It was raining and blustery and just above freezing as I shoved another translucent, blue gummy bear into my mouth. I was sitting at the top of Dead Woman’s Pass, 13,828 feet above sea level, waiting for the rest of my group to catch up and desperately in need of carbs. For a windswept, bedraggled hiker, I was in surprisingly good spirits. I watched the rain drip gingerly off my hooded poncho like a curious ant hiding beneath a blade of grass to stay dry as I gazed out at the misty cloud forest below, daydreaming about coca leaves and crimson orchids hidden in the deep crevices of towering trees. I had just completed the most difficult section of the Inca Trail in a downpour with a full pack on, and I was incandescently happy.
In July of 2016, I completed my first 3-day backpacking trip with a man I was terribly in love with. We ambled up rocky paths in the high country of Yosemite National Park and watched the sun rise with a shock of electric pink over granite domes that dotted the landscape like the hardened knees of some huge, mummified giant. On our last night out, we set up camp early near Polly Dome, allowing for ample time to dodge mosquitoes, smooch, and jump naked into an alpine lake. “1… 2… 3!” I yelled as I launched my sweaty, dirtbag body off a neighboring rock and into the water. Not two breaststrokes later, I yelped loudly, clutching my left leg. Careful not to sink too deep into the murky water, I examined my knee, noticing a flash of bright red that trailed through the lake like a miniature oil spill. “Are you ok, dude?” Asked my companion from his mindful perch along the shore. “I’m fine! I’m just bleeding!” I shouted back, laughing emphatically so that he wouldn’t make me get out of the water. I was happy and hurt and full of as much aliveness as a body can possibly muster. Instead of stitches, I found smiles.
When your short hikes are breezy 10-milers, and you rack up 30+ miles each and every weekend, you tend to get picky about what you put on your feet. After years of hiking and backpacking, I’ve fallen into the category of the foot-care superstitious, as though the ingredients for keeping my toes dry were some mysterious witches brew that could not be altered for any reason. Though I often have my doubts about new trends that enter the hiking and trail running world, I’d been curious to try compression socks for quite some time. When CloudLine Apparel sent me a pair of their finest in backcountry-blue, I knew I had to give them a go!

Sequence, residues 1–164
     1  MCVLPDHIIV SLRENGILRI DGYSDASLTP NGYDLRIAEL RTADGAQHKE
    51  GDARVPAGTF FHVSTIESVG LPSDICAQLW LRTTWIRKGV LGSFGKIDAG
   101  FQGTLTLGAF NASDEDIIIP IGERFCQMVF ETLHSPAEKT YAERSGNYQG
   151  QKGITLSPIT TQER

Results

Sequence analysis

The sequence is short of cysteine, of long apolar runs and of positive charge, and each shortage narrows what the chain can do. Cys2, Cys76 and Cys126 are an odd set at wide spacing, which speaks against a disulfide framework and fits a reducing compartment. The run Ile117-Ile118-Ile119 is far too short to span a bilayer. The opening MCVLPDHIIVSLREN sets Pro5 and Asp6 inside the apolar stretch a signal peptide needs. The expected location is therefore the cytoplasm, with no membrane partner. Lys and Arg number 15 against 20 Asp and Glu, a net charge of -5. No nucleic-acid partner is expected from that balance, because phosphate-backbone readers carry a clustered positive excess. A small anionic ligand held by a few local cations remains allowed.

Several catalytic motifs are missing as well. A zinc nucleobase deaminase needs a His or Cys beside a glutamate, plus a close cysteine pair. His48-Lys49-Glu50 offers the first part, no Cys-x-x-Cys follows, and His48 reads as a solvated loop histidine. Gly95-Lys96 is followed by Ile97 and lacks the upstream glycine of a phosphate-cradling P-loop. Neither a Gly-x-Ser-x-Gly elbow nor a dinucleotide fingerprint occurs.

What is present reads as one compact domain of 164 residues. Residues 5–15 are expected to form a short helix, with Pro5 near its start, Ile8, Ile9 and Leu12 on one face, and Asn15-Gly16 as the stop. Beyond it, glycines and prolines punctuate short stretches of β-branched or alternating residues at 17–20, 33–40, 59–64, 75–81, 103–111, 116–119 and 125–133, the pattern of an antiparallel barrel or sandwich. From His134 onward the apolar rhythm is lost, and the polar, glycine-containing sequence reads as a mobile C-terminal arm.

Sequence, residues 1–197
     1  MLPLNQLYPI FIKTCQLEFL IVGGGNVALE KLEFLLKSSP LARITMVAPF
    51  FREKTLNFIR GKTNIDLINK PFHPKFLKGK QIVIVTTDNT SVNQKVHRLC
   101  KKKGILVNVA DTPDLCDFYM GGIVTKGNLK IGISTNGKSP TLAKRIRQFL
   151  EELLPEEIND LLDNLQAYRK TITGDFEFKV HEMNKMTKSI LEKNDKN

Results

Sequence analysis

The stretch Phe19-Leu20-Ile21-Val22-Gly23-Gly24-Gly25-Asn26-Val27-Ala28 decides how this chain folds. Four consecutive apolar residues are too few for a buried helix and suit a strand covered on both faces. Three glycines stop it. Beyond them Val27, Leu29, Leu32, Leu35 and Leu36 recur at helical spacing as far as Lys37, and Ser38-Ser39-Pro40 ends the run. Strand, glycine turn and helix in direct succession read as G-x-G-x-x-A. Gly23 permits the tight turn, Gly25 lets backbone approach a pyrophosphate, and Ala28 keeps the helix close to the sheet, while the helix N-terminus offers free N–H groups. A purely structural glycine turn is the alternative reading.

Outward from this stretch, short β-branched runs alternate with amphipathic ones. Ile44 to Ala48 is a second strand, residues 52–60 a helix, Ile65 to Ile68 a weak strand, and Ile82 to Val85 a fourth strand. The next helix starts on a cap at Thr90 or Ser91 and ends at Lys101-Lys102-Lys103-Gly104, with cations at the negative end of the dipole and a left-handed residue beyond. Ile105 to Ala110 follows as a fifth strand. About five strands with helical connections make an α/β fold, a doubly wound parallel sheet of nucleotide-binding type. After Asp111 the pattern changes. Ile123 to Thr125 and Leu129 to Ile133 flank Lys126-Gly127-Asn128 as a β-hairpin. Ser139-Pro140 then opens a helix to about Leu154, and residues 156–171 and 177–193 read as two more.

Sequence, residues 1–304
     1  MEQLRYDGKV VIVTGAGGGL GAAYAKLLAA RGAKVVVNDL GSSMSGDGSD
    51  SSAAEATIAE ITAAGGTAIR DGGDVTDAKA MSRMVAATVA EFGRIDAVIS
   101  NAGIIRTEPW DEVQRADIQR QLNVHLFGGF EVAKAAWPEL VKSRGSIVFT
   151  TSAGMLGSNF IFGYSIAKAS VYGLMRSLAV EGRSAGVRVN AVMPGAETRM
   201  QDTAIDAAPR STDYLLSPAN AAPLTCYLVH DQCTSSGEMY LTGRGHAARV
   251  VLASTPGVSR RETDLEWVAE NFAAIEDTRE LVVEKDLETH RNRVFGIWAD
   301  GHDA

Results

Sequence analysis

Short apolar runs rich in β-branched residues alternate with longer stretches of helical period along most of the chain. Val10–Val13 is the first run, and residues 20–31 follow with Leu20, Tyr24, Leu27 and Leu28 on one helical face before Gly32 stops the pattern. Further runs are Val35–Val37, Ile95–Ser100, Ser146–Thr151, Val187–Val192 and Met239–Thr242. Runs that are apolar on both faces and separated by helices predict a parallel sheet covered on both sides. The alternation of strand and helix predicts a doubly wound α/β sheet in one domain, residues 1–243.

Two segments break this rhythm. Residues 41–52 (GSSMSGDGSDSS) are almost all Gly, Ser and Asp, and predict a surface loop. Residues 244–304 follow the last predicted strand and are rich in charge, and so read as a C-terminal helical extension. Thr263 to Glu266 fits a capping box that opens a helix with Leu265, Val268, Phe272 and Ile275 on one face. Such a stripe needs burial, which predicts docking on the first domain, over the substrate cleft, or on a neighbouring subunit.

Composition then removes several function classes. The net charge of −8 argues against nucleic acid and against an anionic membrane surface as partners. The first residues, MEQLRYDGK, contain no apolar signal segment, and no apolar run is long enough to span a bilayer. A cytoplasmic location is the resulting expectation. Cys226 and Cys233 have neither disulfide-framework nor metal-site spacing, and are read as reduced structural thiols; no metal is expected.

Let’s face it; we all love to nerd out on gear. I don’t know how many hours I’ve spent researching the latest pack suspension technology or which hydrophobic down jacket is the least absorbent, but I know that it’s embarrassing, and I know it’s a number high enough to rival many part time jobs. This week, I figured I would put my career in procrastination to good use and share the best tips, tricks, and hacks I’ve found over the years to stay comfy and safe in the wilderness. Ladies and gentlemen, welcome to my pack.
The first time I soloed a long trail, it almost broke me. Being naked and shivering inside my sleeping bag with nothing to shield me except a tiny backpacker’s tent quickly twisted my thoughts into a thousand worst case scenarios, my mother’s voice echoing loudly about hypothermia, snakes, and career-minded decision making. It was 42 degrees outside, and I could hear the percussion of rain lapping against my tent as I trembled in my down sack. Below my precarious perch on Saddle Peak’s mud-covered switchbacks, the constant whoosh of traffic pulled at me like a trail of breadcrumbs. Civilization was just a mile away, if only I would give up.
A manual in 7 easy steps
In one of my grandest schemes to date, I decided to push several self-limits at once and hike the entirety of Malibu’s recently completed Backbone Trail System in only 3 days. For those of you who aren’t LA local, that’s 70 miles of peaks and valleys, traversing along the Santa Monica Mountains, just spitting distance from Los Angeles! It promised to be relatively waterless, 40 degrees at night, difficult to navigate, and illegal to camp on (technically). Oh, and the gods decided to grace me with a massive rainstorm in the middle of day two that left me sliding down the side of a mountain in the pitched black, hiking through multi-million dollar Malibu estates, and finally befriending a valet at a 4 star restaurant who let me charge my phone and call a ride home. Even with a TON of planning and back ups in case of things going wrong, the trek decided to take a left turn in a hilarious assortment of unexpected ways, leaving me to bail on night two and return to complete the last 24 miles of trail the following weekend. So, I felt it only fitting to write a how-to manual in reverse for what not to do on The Backbone Trail!